Actually, I was thinking more along the lines of…if only Matt Taylor responded to the shirt-questions the way he responded to the tattoo question. It is, after all, a good response.

But when finally confronted on the #shirtstorm, he went exactly the other way. Even broke down crying. What a shame.

As Jon Gabriel puts it,

Mr. Taylor then made the bad situation worse. Instead of telling these progressive puritans to go pound silicon dioxide, he issued a sobbing public confession straight out of a Maoist show trial. This guy just dropped a dishwasher on an ice cube 300 million miles from home and he’s groveling to a coven of D-list bloggers?

Well, I’m not going to lower the beatdown on the guy for responding in a way that isn’t to my agenda-driven liking. That would be lowering myself to the level of the people beating up on him. Let them do that.

But at the same time: Getting in a good cry on television is about as bad a way to handle it as can possibly be imagined. The tattoo-answer was really the right one. People need to be asking, what can this guy do? He just landed a spacecraft on a freakin’ comet. That is where the attention should be directed, and if someone wants to direct it somewhere else then that says more about them than it does about the shirt.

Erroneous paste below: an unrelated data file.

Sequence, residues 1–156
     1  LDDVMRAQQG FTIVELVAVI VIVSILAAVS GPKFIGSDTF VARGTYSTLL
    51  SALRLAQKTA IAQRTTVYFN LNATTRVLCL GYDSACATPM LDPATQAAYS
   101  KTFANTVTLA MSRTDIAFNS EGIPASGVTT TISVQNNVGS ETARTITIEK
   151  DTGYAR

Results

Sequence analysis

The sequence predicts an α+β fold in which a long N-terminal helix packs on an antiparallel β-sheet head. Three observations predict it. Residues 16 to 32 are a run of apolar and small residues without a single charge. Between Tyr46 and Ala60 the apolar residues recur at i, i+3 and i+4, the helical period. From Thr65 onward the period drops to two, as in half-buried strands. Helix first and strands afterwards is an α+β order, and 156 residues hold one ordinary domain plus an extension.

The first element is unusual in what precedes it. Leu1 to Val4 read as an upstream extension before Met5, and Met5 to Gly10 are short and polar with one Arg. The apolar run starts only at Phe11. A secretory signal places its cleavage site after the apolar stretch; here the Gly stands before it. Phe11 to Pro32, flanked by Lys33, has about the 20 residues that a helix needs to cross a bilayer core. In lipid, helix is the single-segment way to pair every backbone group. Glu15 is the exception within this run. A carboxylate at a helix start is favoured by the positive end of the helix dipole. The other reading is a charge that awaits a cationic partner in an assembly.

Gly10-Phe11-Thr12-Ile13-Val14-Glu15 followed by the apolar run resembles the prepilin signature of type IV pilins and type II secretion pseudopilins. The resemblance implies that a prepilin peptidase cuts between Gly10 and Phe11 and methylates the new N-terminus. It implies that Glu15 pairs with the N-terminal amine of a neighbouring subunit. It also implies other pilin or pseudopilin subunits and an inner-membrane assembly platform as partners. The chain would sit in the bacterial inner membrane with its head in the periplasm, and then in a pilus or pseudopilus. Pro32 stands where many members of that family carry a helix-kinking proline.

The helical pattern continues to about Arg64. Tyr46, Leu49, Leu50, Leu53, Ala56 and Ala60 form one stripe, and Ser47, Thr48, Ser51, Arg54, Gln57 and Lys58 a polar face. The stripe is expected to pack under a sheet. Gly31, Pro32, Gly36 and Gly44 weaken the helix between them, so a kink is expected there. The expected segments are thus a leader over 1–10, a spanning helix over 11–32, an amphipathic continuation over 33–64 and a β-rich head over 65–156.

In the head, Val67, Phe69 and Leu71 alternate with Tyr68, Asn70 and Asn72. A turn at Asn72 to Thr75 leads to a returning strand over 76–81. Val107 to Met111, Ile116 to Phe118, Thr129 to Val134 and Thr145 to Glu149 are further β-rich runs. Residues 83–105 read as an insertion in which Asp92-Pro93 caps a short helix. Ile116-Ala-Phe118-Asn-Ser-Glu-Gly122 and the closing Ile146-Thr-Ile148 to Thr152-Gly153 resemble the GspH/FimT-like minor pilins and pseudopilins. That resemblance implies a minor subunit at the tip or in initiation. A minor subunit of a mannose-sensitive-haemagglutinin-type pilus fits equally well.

In fact, an even better response would be something like: “Go land a spacecraft on a comet then come back to talk to me about my shirt.” That has the advantage of brevity. It has the disadvantage of providing some support for those who call the guy a douchebag…so…maybe not.

But it seems a lot of people are missing out on the point here. We have been culturally bludgeoned into thinking of this as: This guy just accomplished something amazing, but, he doesn’t have political correctness on his mind. The reality is: This guy just accomplished something amazing. He isn’t thinking about political correctness. That’s what it takes. Political correctness is for losers, that’s the lesson. It’s for people who find achievement just too boring, and want all the attention and adulation that comes with it without doing any of the work. It’s for people who just want to criticize, who see criticism as being on par with advancing mankind. It’s for people with deep issues. Who aren’t to be trusted with anything.